You've heard the story: the son of a deposed king sends an email asking for help accessing a fortune he can't claim due to political circumstances with a promise to share a substantial percentage of the proceeds in return for the recipient's assistance. Known as the '419' scam, named for the article of the Criminal Code on "obtaining property by false pretenses," this modern day fraud is a confidence trick that actually dates back to the early 1980's. Lampooned in movies, TV shows and music, most of us have heard of the 419 Bank scam and laugh at its ridiculousness.
It's a crime...
But what about a solicitation asking for donations to help the victims of 9-11? Or selling something through Craigslist to a buyer offering payment with a money order? Or buying an exotic pet from a foreign country? There are as many variations of this con game as there are victims who fall for them, often with devastating financial and emotional results.
Because October is Cyber Security Awareness month, we thought we'd highlight what YOU need to know to keep yourself and your identity safe.
The Internet is a shared resource and securing it is our shared responsibility.
We are online at work, home and at play. In addition to laptop or desktop computers, mobile devices of all types connect us to useful Internet resources and tools almost everywhere and at anytime. Online banking, GPS tracking and E-mail are but a few examples of how the Internet supports our daily lives through the integration of technology.
Ultimately though, our cyber infrastructure is only as strong as our weakest link. No government entity, business or individual is solely responsible for securing the Internet. Everyone has a role to secure their part of cyberspace, including the computers, devices and networks they use. Consider the recent 'Here You Have' global E-mail virus that crippled hundreds of organizations including NASA, Comcast, AIG, Disney, Wells Fargo and the Florida Department of Transportation. All it took was one inattentive E-mail user to infect the entire organization. OTS is proud to note employees were aware of the virus ahead of time and because Lone Star preemptively blocked it, we successfully avoided the chaos experienced by so many.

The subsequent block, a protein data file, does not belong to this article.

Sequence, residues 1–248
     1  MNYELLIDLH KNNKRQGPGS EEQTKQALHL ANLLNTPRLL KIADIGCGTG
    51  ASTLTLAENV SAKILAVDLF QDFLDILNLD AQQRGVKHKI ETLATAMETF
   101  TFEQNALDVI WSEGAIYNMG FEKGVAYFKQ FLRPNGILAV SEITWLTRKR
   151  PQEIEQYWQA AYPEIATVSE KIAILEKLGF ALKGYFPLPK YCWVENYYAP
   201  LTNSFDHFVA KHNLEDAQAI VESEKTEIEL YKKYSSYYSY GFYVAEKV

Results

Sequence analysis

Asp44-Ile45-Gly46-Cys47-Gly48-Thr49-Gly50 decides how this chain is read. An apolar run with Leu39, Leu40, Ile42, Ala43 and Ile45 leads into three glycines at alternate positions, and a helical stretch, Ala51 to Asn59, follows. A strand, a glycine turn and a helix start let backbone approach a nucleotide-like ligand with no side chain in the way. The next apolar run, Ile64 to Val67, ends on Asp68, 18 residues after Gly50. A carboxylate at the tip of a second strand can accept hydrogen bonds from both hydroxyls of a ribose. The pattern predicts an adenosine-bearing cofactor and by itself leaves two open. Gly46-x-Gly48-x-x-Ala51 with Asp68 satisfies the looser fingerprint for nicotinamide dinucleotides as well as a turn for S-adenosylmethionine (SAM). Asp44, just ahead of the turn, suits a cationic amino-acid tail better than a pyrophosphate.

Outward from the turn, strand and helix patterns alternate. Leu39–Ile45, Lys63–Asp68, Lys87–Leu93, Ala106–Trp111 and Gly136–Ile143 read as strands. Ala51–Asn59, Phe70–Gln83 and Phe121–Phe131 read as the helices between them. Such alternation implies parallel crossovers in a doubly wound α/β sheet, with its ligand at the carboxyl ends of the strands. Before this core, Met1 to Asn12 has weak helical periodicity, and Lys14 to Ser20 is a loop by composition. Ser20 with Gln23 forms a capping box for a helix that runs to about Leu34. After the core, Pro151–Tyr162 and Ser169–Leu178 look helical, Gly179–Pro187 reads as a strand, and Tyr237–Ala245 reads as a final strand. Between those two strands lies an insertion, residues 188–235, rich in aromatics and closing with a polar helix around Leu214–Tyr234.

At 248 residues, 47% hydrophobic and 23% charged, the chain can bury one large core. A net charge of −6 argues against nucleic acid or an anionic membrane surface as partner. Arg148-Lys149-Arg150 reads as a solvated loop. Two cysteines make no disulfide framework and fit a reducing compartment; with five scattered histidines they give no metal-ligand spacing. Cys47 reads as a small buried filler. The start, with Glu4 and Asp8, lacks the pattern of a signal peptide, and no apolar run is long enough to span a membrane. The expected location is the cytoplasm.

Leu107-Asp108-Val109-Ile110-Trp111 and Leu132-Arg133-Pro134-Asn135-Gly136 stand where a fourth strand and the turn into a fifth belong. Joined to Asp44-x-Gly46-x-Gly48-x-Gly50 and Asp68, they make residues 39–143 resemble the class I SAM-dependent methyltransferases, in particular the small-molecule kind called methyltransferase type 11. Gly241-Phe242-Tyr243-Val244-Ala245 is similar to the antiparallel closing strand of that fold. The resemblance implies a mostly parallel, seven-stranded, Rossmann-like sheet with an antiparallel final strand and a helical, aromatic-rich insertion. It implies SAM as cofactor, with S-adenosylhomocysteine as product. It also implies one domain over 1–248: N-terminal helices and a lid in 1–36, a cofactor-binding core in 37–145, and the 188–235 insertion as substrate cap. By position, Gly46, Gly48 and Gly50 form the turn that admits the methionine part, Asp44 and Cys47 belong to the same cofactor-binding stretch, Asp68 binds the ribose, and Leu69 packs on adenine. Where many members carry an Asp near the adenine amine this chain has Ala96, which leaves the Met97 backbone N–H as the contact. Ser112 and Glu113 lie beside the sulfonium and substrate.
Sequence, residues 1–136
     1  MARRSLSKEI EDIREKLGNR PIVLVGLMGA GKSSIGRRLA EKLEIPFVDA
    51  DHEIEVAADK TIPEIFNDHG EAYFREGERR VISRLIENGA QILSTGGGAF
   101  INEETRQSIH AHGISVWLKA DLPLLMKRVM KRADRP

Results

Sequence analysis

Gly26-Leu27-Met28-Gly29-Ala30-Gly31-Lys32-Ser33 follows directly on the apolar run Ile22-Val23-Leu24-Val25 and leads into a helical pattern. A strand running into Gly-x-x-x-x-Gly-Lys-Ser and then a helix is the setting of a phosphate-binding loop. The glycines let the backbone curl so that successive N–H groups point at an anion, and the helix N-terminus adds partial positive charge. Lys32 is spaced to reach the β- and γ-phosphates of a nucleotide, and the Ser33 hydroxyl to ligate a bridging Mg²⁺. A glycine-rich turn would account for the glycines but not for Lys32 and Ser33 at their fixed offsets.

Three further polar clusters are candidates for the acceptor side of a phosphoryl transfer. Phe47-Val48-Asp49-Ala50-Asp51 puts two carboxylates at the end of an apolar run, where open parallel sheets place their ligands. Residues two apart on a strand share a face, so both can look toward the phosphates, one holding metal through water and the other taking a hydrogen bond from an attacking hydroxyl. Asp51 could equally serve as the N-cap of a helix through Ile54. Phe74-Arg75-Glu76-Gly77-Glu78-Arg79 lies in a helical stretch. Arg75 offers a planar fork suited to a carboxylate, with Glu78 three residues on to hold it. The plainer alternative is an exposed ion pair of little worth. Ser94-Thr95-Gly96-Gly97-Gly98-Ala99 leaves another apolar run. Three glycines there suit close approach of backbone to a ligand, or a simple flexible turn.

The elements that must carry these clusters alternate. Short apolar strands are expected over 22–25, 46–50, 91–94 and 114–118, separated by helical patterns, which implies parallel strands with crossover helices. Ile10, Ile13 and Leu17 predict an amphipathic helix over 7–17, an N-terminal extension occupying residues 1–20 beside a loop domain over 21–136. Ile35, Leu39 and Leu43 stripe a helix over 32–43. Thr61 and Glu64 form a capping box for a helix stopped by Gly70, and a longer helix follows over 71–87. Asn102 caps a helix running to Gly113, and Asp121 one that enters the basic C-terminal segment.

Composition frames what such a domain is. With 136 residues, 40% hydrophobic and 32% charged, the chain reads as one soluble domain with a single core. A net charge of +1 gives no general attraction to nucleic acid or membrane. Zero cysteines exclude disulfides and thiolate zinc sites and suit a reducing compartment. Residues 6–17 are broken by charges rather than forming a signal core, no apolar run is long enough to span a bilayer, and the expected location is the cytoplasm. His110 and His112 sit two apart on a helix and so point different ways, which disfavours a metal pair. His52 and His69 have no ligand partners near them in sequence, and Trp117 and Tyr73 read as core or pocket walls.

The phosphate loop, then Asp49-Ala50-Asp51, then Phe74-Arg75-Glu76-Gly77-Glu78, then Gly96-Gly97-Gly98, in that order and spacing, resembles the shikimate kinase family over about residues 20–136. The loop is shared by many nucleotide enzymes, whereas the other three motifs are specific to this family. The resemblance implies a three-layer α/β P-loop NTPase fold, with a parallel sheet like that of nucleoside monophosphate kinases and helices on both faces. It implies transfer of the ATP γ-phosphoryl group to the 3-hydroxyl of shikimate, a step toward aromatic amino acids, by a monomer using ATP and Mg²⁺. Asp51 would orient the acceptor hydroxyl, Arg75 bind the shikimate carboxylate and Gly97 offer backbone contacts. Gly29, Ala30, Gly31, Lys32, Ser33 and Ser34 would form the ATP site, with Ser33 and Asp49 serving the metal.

The Office of Technology Services protects Lone Star's network and the many resources connected to it in a number of ways:
- Firewalls – an electronic brick wall – keeps hackers from intruding
- Computers have industry-standard anti-virus software installed with regular updates
- Encryption software is installed on the laptops of staff who regularly travel to meetings
- Monitoring systems are in place to detect potential threats
All of this is necessary and vital to the protection of our resources and the data we maintain on employees and students. But again, it is a shared responsibility. Employees must be vigilant – don't fall for phishing attempts that request your username and password. NEVER GIVE OUT YOUR PASSWORD – EVER. Ask OTS whether that suspicious E-mail is legitimate. Report any behavior that doesn't "look right," you just might nab someone stealing identities! And never leave your laptop unattended in your car or when traveling!
Guarding against virus attacks by not responding to suspicious E-mail messages is one way to protect yourself and Lone Star from security breaches. Here's a list of other things you can do at home to protect against cyber attacks:
- Install security software on your home computer
- Keep your web browsers and operating system up to date
- Use strong passwords or strong authentication technology to help protect your personal information
- Back up important files
- Know who you are dealing with online
- Protect your children in cyberspace
We strive to create and maintain the most secure technology infrastructure possible and help you to be aware of the threats and provide the tools and assistance you need to protect against them.
Cyber Security is everyone's job!